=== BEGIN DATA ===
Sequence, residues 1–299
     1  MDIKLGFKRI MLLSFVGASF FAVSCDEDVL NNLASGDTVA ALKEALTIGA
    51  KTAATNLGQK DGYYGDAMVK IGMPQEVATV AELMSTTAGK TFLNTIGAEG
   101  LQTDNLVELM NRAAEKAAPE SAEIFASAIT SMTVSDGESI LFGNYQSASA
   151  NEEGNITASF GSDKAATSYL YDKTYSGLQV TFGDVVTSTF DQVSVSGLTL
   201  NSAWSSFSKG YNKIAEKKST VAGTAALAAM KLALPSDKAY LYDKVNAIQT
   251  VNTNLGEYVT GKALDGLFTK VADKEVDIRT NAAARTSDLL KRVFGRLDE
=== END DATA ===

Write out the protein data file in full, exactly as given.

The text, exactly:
Sequence, residues 1–299
     1  MDIKLGFKRI MLLSFVGASF FAVSCDEDVL NNLASGDTVA ALKEALTIGA
    51  KTAATNLGQK DGYYGDAMVK IGMPQEVATV AELMSTTAGK TFLNTIGAEG
   101  LQTDNLVELM NRAAEKAAPE SAEIFASAIT SMTVSDGESI LFGNYQSASA
   151  NEEGNITASF GSDKAATSYL YDKTYSGLQV TFGDVVTSTF DQVSVSGLTL
   201  NSAWSSFSKG YNKIAEKKST VAGTAALAAM KLALPSDKAY LYDKVNAIQT
   251  VNTNLGEYVT GKALDGLFTK VADKEVDIRT NAAARTSDLL KRVFGRLDE